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J Neurosci. 2009 Apr 22;29(16):5234-9. doi: 10.1523/JNEUROSCI.5758-08.2009.

Expertise with artificial nonspeech sounds recruits speech-sensitive cortical regions.

Author information

1
Division of Neuroscience and Mental Health and Medical Research Council Clinical Sciences Centre, Imperial College London, Hammersmith Hospital, London W12 0NN, United Kingdom. r.leech@imperial.ac.uk

Abstract

Regions of the human temporal lobe show greater activation for speech than for other sounds. These differences may reflect intrinsically specialized domain-specific adaptations for processing speech, or they may be driven by the significant expertise we have in listening to the speech signal. To test the expertise hypothesis, we used a video-game-based paradigm that tacitly trained listeners to categorize acoustically complex, artificial nonlinguistic sounds. Before and after training, we used functional MRI to measure how expertise with these sounds modulated temporal lobe activation. Participants' ability to explicitly categorize the nonspeech sounds predicted the change in pretraining to posttraining activation in speech-sensitive regions of the left posterior superior temporal sulcus, suggesting that emergent auditory expertise may help drive this functional regionalization. Thus, seemingly domain-specific patterns of neural activation in higher cortical regions may be driven in part by experience-based restructuring of high-dimensional perceptual space.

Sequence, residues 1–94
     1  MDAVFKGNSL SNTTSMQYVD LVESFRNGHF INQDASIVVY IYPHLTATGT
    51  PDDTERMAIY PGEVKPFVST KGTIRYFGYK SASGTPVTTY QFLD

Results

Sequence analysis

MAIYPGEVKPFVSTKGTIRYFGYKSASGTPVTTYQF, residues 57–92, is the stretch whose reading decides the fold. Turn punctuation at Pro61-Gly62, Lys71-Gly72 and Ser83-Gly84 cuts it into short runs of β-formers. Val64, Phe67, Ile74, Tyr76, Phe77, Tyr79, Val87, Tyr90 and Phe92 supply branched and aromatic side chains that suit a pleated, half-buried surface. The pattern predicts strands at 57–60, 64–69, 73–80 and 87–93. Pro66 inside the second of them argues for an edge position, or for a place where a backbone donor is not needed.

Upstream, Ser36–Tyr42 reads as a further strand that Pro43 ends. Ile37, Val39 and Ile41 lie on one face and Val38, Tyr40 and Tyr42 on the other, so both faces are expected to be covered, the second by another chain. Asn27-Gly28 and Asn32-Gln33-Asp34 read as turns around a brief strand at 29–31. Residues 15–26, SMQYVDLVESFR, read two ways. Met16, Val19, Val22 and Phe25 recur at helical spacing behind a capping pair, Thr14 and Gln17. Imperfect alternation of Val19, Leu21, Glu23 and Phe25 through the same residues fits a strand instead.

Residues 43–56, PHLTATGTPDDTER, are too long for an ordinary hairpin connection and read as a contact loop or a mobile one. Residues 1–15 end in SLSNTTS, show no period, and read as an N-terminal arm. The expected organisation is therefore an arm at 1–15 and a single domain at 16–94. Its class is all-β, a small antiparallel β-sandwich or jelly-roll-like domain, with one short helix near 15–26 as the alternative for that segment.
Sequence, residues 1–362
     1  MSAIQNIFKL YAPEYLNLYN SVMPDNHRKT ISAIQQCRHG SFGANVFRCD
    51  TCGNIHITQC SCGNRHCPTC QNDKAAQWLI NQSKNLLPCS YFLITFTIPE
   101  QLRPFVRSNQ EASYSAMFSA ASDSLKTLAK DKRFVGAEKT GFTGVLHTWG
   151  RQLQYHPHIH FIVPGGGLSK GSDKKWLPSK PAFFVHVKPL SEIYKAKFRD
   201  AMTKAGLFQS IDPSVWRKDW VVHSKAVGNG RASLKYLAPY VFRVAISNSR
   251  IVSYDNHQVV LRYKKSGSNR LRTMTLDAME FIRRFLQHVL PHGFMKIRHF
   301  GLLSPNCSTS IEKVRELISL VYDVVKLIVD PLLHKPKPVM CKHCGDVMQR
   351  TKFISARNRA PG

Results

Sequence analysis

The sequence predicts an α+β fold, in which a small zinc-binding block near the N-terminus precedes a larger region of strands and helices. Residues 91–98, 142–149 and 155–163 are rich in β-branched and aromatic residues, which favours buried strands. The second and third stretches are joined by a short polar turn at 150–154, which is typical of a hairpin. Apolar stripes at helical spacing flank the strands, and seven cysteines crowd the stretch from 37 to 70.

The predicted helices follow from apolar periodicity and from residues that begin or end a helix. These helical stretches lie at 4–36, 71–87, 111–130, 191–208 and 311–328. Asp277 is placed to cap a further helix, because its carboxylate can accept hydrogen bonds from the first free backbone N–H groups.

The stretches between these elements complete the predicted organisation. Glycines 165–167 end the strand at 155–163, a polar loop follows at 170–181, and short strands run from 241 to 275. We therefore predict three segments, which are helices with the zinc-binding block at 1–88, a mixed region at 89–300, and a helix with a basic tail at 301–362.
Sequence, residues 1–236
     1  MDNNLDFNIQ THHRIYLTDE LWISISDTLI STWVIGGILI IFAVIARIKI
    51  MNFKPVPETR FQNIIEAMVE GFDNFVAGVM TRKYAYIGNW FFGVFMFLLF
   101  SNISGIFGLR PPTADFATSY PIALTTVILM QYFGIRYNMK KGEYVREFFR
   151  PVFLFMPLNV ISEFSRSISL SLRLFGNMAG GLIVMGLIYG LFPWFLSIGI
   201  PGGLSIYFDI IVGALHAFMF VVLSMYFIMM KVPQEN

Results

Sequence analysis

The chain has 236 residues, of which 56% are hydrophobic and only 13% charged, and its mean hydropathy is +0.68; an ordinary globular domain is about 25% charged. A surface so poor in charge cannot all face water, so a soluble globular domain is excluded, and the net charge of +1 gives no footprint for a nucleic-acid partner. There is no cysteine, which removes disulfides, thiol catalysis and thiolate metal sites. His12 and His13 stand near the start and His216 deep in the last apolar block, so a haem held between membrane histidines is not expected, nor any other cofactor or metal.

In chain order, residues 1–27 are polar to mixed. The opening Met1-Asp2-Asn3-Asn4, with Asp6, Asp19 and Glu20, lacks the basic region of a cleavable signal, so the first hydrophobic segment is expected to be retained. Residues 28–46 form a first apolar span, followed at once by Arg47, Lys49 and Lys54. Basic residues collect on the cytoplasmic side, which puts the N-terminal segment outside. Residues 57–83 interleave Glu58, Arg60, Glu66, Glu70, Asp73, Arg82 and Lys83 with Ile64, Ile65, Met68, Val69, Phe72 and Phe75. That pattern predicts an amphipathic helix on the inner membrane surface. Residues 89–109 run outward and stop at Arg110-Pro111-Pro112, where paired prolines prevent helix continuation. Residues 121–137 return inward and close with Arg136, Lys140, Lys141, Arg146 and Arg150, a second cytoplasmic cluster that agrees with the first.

PMID:
19386919
PMCID:
PMC2747609
DOI:
10.1523/JNEUROSCI.5758-08.2009
[Indexed for MEDLINE]
Free PMC Article

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